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Holland, Frederick Whitmore, 1837-1880.. Page 34. 1870. Special Collections, University of Houston Libraries. University of Houston Digital Library. Web. July 23, 2014. http://digital.lib.uh.edu/collection/p15195coll11/item/56.

Disclaimer: This is a general citation for reference purposes. Please consult the most recent edition of your style manual for the proper formatting of the type of source you are citing. If the date given in the citation does not match the date on the digital item, use the more accurate date below the digital item.

Holland, Frederick Whitmore, 1837-1880.. (1870). Page 34. Scenes from the Middle East. Special Collections, University of Houston Libraries. Retrieved from http://digital.lib.uh.edu/collection/p15195coll11/item/56

Disclaimer: This is a general citation for reference purposes. Please consult the most recent edition of your style manual for the proper formatting of the type of source you are citing. If the date given in the citation does not match the date on the digital item, use the more accurate date below the digital item.

Holland, Frederick Whitmore, 1837-1880., Page 34, 1870, Scenes from the Middle East, Special Collections, University of Houston Libraries, accessed July 23, 2014, http://digital.lib.uh.edu/collection/p15195coll11/item/56.

Disclaimer: This is a general citation for reference purposes. Please consult the most recent edition of your style manual for the proper formatting of the type of source you are citing. If the date given in the citation does not match the date on the digital item, use the more accurate date below the digital item.

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Title Page 34
Creator (LCNAF)
  • Holland, Frederick Whitmore, 1837-1880.
Publisher London: Printed by Jas. Truscott and Son, Suffolk Lane, City.
Date 1870
Description Sinai and Jerusalem; or, Scenes from Bible Lands: Illustrated by Twelve Colored Photographic Views, Including a Panorama of Jerusalem, With Descriptive Letterpress.
Caption ruins of a smaller square building, originally designed for a church, but afterwards converted into a fortress. Yet, insignificant in themselves as these ruins appear, they recall to mind the history of the past. The ruined church reminds us of the spread of Christianity throughout this Holy Land, and the message of the Gospel carried to every city and village by Christ Himself and His disciples. The mosque tells of the followers of Mohammed, who established their false faith Avherever their sword was victorious. And then the thoughts wander on to the struggles of those brave men, who, fighting under the ensign of the cross, sought in vain to wrest out of the hands of the infidels the land and city which they held so sacred. But there is yet another object, which carries us back still further into the past, to scenes which here at least possess a greater interest for us. About half-a-mile to the east of these ruins, in a deep wild glen, is the fountain of Shiloh. The water from it flows into an old reservoir by its side; and in the rocks around are many excavated tombs. There is a Jewish tradition that Eli and his sons were buried here : we know that they lived at Shiloh, and that they ministered in the same tabernacle Avhich the children of Israel first set up in the wilderness, before Mount Sinai, and which, when they entered the Promised Land, was permanently established at this spot. The tabernacle itself was placed probably on the summit of the little hill on which the ruins of later times lie; but from this fountain—the only one near at hand—must have been drawn the water for the use of the tabernacle. The springs, also, so valuable in eastern lands, have always been the places of meeting ; and as we stand by this spring at Shiloh, we feel that we are on the very spot frequented by Joshua, Samuel, and Eli, and all the priests and people of note in Jewish history who lived between their times. During the progress of the conquest of the land of Canaan by the children of Israel, the ark of the covenant was kept at Gilgal, in the Valley of the Jordan, a few miles to the east of Jericho : but when the land had been subdued before them, "the whole congregation of the children of Israel assembled together at Shiloh, and set up the tabernacle of the congregation there " (Joshua xviii. 1). It was here that Joshua " cast lots before the Lord," and "divided the land unto the children of Israel," Shiloh itself falling to the lot of Ephraim; and here, about forty years afterwards,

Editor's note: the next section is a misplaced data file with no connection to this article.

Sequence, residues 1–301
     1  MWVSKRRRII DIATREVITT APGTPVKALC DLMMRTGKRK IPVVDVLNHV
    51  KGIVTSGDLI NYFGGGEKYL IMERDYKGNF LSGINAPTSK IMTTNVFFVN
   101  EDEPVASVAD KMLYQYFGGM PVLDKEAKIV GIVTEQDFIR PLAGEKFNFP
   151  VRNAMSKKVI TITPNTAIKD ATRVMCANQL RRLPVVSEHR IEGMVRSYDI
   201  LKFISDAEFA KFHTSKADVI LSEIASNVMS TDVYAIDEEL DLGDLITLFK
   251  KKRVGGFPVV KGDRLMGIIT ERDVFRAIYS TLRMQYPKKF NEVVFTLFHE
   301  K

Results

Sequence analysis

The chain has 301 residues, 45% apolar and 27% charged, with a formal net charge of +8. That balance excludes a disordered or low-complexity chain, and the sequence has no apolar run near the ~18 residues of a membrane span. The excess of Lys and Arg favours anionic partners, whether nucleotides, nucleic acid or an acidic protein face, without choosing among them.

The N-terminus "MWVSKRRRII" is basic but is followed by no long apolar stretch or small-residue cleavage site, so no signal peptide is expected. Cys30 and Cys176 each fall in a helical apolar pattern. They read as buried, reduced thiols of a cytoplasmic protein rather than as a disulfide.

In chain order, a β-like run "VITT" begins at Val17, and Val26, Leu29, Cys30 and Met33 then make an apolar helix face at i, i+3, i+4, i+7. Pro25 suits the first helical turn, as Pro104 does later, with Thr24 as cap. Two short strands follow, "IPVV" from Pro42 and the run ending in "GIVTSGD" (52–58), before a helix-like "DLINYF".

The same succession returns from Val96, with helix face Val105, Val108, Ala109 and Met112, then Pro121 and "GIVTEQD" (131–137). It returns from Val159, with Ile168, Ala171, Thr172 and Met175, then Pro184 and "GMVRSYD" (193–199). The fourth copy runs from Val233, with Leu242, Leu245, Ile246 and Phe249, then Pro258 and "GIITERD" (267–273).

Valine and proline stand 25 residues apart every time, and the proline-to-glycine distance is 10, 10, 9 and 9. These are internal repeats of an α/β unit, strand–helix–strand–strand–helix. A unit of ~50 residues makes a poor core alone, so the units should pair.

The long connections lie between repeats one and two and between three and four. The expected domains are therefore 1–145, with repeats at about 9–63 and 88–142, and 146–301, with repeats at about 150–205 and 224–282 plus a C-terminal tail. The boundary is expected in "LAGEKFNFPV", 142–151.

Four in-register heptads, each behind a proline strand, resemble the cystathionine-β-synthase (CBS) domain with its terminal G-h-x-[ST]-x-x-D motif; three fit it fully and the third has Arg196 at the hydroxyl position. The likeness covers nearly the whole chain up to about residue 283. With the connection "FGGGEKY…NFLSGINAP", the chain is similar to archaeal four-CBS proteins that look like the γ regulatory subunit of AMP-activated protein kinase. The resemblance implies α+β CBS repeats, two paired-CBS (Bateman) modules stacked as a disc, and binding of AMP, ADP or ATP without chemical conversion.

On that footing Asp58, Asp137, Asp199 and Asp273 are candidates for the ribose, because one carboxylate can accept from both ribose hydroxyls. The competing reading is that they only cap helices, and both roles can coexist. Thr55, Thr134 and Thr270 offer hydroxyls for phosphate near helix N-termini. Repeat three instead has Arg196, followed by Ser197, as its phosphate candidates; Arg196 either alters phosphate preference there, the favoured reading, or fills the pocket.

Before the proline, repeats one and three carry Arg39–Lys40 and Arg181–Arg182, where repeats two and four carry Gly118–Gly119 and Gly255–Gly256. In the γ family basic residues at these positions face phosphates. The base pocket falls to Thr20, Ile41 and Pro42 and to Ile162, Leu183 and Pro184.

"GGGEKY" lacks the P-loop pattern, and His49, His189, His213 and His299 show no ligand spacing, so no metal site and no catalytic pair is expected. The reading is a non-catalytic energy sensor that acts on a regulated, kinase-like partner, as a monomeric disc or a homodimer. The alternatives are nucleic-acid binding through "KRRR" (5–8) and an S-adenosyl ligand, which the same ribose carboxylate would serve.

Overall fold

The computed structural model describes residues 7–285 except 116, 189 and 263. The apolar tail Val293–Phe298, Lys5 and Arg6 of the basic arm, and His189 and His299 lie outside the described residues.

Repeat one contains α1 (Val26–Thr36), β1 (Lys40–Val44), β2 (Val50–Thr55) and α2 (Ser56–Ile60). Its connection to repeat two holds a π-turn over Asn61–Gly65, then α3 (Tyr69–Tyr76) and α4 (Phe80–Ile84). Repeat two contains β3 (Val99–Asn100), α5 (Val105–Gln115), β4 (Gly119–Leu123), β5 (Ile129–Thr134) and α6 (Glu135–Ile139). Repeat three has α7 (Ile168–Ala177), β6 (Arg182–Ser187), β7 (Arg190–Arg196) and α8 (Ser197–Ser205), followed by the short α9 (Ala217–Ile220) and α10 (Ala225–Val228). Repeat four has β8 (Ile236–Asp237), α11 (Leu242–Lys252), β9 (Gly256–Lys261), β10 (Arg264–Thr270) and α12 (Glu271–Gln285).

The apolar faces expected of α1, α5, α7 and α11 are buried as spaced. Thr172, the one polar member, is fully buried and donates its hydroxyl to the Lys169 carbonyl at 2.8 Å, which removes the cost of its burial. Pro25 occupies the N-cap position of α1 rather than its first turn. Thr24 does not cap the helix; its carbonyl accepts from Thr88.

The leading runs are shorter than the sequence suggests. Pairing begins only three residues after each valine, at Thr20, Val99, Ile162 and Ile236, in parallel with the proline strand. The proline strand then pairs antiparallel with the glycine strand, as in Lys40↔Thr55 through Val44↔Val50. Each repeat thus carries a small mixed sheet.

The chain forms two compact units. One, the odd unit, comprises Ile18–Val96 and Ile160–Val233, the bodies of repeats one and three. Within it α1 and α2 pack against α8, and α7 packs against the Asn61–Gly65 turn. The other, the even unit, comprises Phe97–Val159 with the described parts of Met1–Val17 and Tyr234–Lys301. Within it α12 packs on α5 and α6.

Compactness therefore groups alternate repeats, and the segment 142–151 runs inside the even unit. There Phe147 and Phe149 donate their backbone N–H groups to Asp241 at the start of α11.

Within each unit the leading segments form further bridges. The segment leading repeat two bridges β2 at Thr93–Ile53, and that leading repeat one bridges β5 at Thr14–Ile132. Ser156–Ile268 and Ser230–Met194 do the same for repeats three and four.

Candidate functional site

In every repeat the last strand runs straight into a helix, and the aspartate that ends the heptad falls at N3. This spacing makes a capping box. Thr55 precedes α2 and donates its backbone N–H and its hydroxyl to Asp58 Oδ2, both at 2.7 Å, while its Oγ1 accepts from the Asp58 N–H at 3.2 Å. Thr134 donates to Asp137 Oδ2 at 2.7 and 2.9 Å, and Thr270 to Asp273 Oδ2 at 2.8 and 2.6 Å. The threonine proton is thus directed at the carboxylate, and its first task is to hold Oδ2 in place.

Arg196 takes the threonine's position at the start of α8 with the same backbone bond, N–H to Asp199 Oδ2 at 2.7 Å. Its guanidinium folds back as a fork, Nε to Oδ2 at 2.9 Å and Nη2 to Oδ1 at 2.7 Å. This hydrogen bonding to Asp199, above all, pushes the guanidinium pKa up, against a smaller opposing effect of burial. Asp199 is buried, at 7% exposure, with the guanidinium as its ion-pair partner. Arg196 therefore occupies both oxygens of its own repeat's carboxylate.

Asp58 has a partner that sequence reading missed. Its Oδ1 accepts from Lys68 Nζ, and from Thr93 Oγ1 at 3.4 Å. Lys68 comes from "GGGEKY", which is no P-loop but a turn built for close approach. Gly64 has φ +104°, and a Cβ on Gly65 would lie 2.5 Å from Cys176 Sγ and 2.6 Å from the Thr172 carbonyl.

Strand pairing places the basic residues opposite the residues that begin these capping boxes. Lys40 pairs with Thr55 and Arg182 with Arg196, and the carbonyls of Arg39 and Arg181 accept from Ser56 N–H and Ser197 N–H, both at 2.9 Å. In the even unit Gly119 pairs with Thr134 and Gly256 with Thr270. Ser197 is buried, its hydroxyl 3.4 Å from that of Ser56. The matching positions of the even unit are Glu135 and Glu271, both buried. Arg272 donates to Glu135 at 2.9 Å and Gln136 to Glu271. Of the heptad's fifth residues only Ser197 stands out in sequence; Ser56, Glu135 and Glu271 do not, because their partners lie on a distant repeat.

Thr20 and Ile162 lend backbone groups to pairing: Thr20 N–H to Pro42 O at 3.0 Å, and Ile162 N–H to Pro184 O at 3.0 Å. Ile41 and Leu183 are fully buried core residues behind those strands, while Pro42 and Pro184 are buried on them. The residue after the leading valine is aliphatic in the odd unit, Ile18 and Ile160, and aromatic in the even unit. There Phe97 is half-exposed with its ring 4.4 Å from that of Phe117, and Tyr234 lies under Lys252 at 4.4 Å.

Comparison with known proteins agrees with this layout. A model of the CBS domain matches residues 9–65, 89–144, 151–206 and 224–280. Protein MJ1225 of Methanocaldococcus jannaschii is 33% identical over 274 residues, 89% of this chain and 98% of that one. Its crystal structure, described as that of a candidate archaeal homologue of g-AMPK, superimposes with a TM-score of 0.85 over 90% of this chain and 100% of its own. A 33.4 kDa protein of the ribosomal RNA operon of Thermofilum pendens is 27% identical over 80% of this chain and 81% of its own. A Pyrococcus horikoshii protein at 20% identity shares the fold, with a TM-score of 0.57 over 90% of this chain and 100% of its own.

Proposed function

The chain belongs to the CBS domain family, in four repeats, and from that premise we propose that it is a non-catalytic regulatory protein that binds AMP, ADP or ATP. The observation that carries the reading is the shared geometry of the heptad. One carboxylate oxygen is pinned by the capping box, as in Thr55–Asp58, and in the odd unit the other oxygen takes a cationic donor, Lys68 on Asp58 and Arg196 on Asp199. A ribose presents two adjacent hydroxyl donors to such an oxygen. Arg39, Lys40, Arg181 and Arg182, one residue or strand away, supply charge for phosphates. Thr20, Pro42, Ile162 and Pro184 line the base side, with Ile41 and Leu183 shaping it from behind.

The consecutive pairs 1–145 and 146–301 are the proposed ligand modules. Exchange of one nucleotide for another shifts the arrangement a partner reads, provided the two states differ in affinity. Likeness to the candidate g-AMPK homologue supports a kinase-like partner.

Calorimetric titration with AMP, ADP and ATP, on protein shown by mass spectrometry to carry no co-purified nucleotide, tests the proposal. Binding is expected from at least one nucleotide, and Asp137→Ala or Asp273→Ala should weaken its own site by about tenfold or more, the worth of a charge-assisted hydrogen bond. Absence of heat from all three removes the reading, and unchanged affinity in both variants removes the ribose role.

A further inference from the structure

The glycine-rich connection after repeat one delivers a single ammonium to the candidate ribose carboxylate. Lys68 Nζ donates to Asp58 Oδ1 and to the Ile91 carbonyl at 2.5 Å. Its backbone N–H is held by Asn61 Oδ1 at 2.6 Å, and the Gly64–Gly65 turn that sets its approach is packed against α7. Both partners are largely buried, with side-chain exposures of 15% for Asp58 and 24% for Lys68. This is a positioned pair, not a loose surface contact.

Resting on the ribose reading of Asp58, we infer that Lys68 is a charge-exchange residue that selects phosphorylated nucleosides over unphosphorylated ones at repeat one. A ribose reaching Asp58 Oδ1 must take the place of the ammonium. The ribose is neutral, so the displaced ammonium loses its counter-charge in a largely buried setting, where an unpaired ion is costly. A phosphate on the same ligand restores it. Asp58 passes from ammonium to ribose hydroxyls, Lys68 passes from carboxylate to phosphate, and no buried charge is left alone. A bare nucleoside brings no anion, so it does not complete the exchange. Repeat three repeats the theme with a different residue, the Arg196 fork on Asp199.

Subject.Topical (LCSH)
  • Palestine -- Description and travel.
  • Sinai Peninsula -- Description and travel.
  • Jerusalem -- Description and travel.
Subject.Geographic (TGN)
  • Palestine
  • Sinai Peninsula
  • Jerusalem
Language English
Physical Description 52 p., ill., XII col. plates (1 fold.), 28 cm; Purple cloth stamped in black, gold, red and green. Bevelled edges. Edges gilt.
Format (IMT)
  • image/jpeg
Original Item Location http://library.uh.edu/record=b3601783~S11
Digital Collection Scenes from the Middle East
Digital Collection URL http://digital.lib.uh.edu/collection/p15195coll11
Repository Special Collections, University of Houston Libraries
Repository URL http://info.lib.uh.edu/about/campus-libraries-collections/special-collections
Use and Reproduction This image is in the public domain and may be used freely. If publishing in print, electronically, or on a website, please use the citation button above. To request higher resolution images, please use the Request High Res button above.
File name meast_201009_064.jpg
Page Sequence Number S040